Mangaluru, Jan 8, 2015: Young Mangalorean cricketer Lokesh Rahul hit a maiden ton as India fought back with a gallant batting display to keep themselves afloat in the fourth and final cricket Test against Australia in Sydney today, January 8.
Resuming the day at 71 for 1, India added 271 runs from 90 overs to end the third day on 342 for 5 in reply to Australia’s mammoth 572 for 7 declared, thanks to the twin centuries by Rahul (110) and Kohli (140 not out).
The 22-year-old Rahul, in only his second Test, played a solid innings though he survived two close calls, including a dropped catch by Smith of the bowling of off-spinner Nathan Lyon in the morning session when he was on 46.
Hailing from Suratkal, Rahul pursued his early studies at NIT-K English Medium School and completed his PUC from St Aloysius College. His cricketing skills were honed at an early age of 11 when he started playing cricket at Nehru Maidan under the guidance of KSCA coaches Devadas Nayak P and Samuel Jayaraj Muttu. He had even scored a double century in an under 13 cricket tourney, which explained his immense talent in the game. While studying PUC at St Aloysius, he made the city proud when he was selected to represent the country in the under-19 world Cup held at New Zealand.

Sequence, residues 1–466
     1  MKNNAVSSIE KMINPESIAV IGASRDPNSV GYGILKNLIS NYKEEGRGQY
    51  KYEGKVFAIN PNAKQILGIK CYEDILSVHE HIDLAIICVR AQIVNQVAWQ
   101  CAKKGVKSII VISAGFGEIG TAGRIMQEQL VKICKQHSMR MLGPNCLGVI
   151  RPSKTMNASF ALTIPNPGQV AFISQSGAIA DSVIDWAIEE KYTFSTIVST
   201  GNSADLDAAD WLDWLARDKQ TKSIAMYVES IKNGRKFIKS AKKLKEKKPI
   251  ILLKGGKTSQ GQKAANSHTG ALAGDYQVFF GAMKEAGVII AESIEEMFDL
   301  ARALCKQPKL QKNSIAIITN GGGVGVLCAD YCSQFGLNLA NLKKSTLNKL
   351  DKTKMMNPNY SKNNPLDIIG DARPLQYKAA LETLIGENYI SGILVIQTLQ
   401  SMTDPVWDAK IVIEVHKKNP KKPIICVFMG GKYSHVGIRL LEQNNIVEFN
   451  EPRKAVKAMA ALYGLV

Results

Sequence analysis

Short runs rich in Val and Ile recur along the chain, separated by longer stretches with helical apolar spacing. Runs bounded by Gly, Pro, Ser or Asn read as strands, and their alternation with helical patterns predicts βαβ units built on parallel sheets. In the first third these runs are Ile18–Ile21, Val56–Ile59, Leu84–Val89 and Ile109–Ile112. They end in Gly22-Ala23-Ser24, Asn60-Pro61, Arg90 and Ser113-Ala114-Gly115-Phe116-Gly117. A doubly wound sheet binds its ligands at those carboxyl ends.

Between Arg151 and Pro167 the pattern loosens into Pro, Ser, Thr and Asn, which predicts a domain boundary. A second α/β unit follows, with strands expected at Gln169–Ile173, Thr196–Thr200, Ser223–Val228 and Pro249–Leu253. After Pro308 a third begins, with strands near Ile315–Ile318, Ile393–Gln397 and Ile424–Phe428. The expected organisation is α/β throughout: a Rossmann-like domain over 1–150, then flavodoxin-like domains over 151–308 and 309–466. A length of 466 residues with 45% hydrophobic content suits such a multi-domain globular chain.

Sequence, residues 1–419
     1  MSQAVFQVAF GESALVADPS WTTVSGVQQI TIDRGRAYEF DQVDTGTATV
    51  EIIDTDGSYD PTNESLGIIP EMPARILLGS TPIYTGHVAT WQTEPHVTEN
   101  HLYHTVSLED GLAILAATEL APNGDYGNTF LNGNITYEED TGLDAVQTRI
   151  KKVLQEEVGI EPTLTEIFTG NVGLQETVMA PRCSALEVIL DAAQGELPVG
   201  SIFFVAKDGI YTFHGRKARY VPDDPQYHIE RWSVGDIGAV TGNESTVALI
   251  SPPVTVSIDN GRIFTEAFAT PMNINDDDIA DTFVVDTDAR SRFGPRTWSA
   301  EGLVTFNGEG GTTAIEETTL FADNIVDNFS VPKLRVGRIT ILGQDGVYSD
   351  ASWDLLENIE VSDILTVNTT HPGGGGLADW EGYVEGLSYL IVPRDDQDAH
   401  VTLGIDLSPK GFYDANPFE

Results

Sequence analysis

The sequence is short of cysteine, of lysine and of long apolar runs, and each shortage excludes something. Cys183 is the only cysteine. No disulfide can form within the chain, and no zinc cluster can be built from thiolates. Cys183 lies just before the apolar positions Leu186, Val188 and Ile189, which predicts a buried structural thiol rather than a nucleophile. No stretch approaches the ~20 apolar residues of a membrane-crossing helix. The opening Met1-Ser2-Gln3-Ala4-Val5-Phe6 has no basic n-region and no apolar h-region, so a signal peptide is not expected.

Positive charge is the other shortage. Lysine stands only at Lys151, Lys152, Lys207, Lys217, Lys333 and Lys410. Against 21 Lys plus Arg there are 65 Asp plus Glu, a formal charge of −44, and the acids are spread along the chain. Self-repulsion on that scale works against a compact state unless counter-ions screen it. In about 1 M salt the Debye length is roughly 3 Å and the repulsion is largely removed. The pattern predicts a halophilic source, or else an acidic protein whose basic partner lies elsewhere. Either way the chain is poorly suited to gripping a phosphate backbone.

The Rahul-Kohli duo shared 141 runs for the third wicket to lead the Indian fightback on an SCG pitch which offered some turn for the spinners. Kohli notched up his tenth Test ton in his 33rd match and also broke a few records during the course of his unbeaten knock.
At stumps, Kohli and Wriddhiman Saha (14 not out) at the crease, the duo having added 50 runs for the sixth wicket.
Rahul could only muster 3 and 1 in the first and second innings respectively in the Boxing Day Test but struck a well-deserved ton at the SCG, while opening the innings.
"It feels good. It was not the debut that I had expected in Melbourne. I came out thinking this is my first game and I am very pleased with the way I batted today," said Rahul in the end of day’s play press conference in Sydney.
"Batting up in the order gave me little more time. And it was a conscious effort to spend some time in the middle and get those early nerves off. The wicket was pretty slow and the Australian bowlers made it harder by giving nothing away. I just kept telling myself to bat through the first session so that I can come out in second session and score more runs," he added.
"I think we still have a chance from here if we bat really well tomorrow, may be two sessions and get runs, then come out and put big effort from the bowlers’ end, then we will see how it goes."